After several tension-filled months, a majority of Nigerians swept in an opposition leader and former military man, Muhammadu Buhari, to succeed incumbent President Goodluck Jonathan, whose failure to contain a terrorist wave in the northern states doomed his re-election chances.
Showing a “commendable determination to register their vote and choose their leaders,” Nigerians by the hundreds of thousands lined up at polling stations across the country to select the next president and National Assembly of their country, U.S. and British witnesses to the hotly-contested presidential polls observed.
In Nigeria, it’s all about the numbers. My nation recently became the largest economy in Africa by some distance, with a GDP of well over 500 billion dollars.
With kidnappings and violent attacks almost a daily occurrence in Nigeria, the disappearance of an American missionary appears to have stirred a new wave of outrage among the international community at the worsening conditions in the West African country, once considered a rising star and the largest economy on the continent.
When I am asked whether Europe is still a relevant “protagonist” in the modern world, I always answer that there is no doubt about it. For a long time now, the continent has been shaken by financial crises, internal security strategy crises – including wars – and instability within its borders, which definitely make it a protagonist in world affairs.
“I’d quit my job before going to work in a place like that.” That is how a primary school teacher responded when IPS asked him why he had not accepted a job in Cameroon’s Far North region.
The sharp decline in world petroleum prices - hailed as a bonanza to millions of motorists in the United States - is threatening to undermine the fragile economies of several African countries dependent on oil for their sustained growth.
It's easy to spot Saani Bubakar in Tripoli´s old town: always dressed in the distinctive orange jumpsuit of the waste collectors, he pushes his cart through the narrow streets on a routine that has been his for the last three years of his life.
HIV among teenagers is devastating families in Nigeria and elsewhere in Africa, where AIDS has become the No. 1 killer of adolescents.
With a production capacity of over 3 million barrels of crude oil per day Nigeria is Africa’s top crude oil producer and the continent’s largest economy. But Nigeria’s wealth has only benefited a privileged few while majority of the citizens remain poor. Poverty and inequality in Nigeria have increased crime rate and heightened crisis including the insurgency of the terrorist group Boko Haram.
Two years ago, Shola* was kicked out of the family house in Abeokuta, in southwestern Nigeria, after testing HIV-positive at age 13. He was living with his father, his stepmother and their seven children.
Under a scorching sun, with temperatures soaring to over 40 degrees Celsius, Lara Adama’s family is forced to dig for water from a dried-out river bed in Dumai, in northern Cameroon.
They say there is a war on and its target is the deadly human immunodeficiency virus (HIV).
I grew up in Nigeria, in a culture where bearing a son validates a woman and her family, and a male innately holds the superior position in society over a female. At 11 years of age, I escorted my mother to deliver her fifth baby girl, my youngest sister, and watched our mom die in the hands of an unfit doctor.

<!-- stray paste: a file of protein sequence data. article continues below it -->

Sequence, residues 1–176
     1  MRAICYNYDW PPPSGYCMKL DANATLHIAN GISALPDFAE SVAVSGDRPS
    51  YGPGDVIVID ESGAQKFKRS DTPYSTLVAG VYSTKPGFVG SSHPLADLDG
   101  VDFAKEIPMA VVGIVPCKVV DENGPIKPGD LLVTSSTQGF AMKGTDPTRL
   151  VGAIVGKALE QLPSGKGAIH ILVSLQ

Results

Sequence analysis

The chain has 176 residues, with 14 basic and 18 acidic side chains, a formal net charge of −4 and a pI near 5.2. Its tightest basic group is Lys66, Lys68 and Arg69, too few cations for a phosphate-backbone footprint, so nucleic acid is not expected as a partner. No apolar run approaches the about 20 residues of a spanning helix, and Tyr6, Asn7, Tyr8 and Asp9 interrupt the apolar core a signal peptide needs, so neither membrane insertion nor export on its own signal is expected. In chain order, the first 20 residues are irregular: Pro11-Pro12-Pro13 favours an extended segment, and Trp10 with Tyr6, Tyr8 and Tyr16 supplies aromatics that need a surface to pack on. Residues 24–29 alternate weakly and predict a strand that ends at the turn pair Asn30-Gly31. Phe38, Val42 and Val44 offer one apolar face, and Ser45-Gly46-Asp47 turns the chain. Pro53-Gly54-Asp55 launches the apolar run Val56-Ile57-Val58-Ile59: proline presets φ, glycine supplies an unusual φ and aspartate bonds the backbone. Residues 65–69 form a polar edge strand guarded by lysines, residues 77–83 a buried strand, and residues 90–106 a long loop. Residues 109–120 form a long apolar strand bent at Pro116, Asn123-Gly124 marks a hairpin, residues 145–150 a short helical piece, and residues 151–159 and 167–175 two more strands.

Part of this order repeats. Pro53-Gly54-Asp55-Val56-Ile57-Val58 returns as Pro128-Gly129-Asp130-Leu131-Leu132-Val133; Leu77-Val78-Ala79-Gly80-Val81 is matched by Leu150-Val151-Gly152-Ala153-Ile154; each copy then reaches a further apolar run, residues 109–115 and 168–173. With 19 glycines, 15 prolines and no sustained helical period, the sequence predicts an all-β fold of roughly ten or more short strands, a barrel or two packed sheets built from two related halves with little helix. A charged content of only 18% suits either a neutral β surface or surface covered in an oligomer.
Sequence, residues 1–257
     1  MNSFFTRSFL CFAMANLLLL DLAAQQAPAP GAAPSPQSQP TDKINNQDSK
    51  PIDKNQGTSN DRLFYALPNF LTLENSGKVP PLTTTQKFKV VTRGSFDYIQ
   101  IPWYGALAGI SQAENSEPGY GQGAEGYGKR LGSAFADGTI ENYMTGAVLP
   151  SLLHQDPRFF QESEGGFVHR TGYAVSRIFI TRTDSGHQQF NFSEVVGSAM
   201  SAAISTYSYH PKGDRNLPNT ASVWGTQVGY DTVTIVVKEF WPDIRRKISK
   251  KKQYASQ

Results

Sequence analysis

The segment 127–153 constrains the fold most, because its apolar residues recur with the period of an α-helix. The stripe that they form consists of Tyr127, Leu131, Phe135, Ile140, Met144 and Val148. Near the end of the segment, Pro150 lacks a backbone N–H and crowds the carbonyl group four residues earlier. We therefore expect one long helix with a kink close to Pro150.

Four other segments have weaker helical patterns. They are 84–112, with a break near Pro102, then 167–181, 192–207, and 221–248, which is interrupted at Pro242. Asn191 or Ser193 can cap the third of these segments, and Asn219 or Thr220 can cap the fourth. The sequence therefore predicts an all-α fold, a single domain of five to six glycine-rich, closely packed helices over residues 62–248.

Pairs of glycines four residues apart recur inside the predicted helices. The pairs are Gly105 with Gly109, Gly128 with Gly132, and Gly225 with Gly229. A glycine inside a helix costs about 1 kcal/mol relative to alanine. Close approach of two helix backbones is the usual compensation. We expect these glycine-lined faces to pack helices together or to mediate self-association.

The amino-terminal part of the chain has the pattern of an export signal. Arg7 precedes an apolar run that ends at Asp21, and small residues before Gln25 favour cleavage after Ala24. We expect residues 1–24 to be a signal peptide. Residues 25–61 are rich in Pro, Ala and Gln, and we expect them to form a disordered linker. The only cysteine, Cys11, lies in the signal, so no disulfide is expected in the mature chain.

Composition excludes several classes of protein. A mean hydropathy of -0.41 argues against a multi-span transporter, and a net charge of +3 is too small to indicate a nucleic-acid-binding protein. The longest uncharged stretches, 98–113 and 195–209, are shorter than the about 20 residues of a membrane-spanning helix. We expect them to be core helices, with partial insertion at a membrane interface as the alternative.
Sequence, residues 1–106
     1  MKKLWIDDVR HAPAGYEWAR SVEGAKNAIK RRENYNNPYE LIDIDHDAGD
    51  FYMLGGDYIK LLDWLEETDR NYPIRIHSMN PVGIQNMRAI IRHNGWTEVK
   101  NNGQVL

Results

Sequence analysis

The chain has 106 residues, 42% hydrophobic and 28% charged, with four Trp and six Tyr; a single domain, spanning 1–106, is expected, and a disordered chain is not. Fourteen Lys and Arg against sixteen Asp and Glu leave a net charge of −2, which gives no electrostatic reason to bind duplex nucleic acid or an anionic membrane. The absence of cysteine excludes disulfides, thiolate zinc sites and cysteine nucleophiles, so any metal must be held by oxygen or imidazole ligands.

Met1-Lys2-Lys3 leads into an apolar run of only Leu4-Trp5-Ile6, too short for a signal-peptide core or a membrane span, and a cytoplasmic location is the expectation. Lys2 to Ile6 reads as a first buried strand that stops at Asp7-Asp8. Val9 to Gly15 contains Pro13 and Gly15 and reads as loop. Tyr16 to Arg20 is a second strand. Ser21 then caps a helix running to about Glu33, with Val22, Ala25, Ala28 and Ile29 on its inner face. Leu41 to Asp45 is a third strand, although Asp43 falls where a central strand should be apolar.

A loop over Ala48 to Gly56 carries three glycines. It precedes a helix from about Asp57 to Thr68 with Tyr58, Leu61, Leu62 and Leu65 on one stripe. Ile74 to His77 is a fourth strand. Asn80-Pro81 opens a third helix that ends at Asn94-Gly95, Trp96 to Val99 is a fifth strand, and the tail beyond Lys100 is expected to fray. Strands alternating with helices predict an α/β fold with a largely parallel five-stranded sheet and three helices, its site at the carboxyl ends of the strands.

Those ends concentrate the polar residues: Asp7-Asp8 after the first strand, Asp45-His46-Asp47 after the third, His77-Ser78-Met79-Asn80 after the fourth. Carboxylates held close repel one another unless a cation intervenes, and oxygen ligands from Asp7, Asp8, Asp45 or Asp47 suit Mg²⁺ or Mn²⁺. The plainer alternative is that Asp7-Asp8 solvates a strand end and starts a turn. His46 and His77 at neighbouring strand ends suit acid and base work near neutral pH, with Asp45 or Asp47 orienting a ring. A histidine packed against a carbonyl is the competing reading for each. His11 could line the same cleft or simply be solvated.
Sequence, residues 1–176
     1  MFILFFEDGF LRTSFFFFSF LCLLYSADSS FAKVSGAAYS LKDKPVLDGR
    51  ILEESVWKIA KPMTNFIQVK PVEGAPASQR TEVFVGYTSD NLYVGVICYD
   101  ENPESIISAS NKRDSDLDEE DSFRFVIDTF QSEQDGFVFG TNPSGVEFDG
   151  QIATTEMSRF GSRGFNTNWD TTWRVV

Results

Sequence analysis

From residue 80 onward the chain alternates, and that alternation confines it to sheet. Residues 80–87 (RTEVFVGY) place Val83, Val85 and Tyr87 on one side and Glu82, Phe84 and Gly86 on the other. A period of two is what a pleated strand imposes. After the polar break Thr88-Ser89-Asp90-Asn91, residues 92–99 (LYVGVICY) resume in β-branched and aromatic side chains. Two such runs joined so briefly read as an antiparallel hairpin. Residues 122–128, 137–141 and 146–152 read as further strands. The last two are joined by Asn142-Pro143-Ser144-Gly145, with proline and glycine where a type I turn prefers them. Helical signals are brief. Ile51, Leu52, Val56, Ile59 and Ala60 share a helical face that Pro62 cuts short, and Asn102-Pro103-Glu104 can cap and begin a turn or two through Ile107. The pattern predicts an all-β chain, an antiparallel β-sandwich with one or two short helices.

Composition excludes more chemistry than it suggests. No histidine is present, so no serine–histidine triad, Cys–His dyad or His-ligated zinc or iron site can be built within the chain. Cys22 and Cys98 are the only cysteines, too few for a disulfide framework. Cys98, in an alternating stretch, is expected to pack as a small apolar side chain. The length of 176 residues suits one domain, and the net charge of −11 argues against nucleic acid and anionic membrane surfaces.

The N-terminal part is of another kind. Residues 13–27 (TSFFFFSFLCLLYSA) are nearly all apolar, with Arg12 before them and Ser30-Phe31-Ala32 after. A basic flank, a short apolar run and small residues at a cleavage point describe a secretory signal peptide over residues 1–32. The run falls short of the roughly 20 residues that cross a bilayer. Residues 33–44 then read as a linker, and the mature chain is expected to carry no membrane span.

Tope Tayo’s marriage broke up 11 years ago after she tested positive for HIV. Her angry and embarrassed husband took away their only child. Three months later, when the one year old boy tested positive, the husband dumped him with Tayo and absconded.
Motari Hamissou used to get along well with his pupils at the government primary school in Sabga, an area in Bamenda, the capital of Cameroon’s North West Region.
In the past, Hamissou also lived in peace with his neighbours. No one was bothered by his long, thick beard or the veil his wife, Aisha Hamissou, wore, or the religion they followed.
The search for the Nigerian schoolgirls abducted by Islamist extremist group, Boko Haram, could be hampered by a series of policy and information flip-flops by the government, the latest one of them being a public disagreement on policy between the president and the military chief.
Nigeria is one of Africa’s largest emitters of greenhouse gases. A significant percentage of this pollution takes place in the Niger Delta region thanks to the existence of multination oil companies and the activities of hundreds of illegal refineries where local people process stolen crude oil.
For a country that is at the receiving end of the environmental impact of climate change, there is a growing sense that this West African country should curb its emission of greenhouse gases. Private initiatives and effective legislation are likely to play crucial roles in Nigeria’s drive to curbing its emissions.
Time for Nigeria to Curb its Own Emissions from IPS News on Vimeo.
At the height of his election campaign last October, Narendra Modi, India's Hindu nationalist leader, briefly set aside his spiritual aspirations when he told a surprised audience that economic development should take precedence over religion.
Multiple car bombs killed dozens Tuesday in the central Nigerian city of Jos, Plateau state, days after a security summit in France where African leaders committed to a “war” on Nigeria’s Islamist rebels, Boko Haram.
Tomorrow Nigeria’s President Goodluck Jonathan will meet other heads of state at a security summit in Paris, France to focus on ways of combatting Boko Haram, the Islamic extremist group which kidnapped 276 schoolgirls from Chibok in April.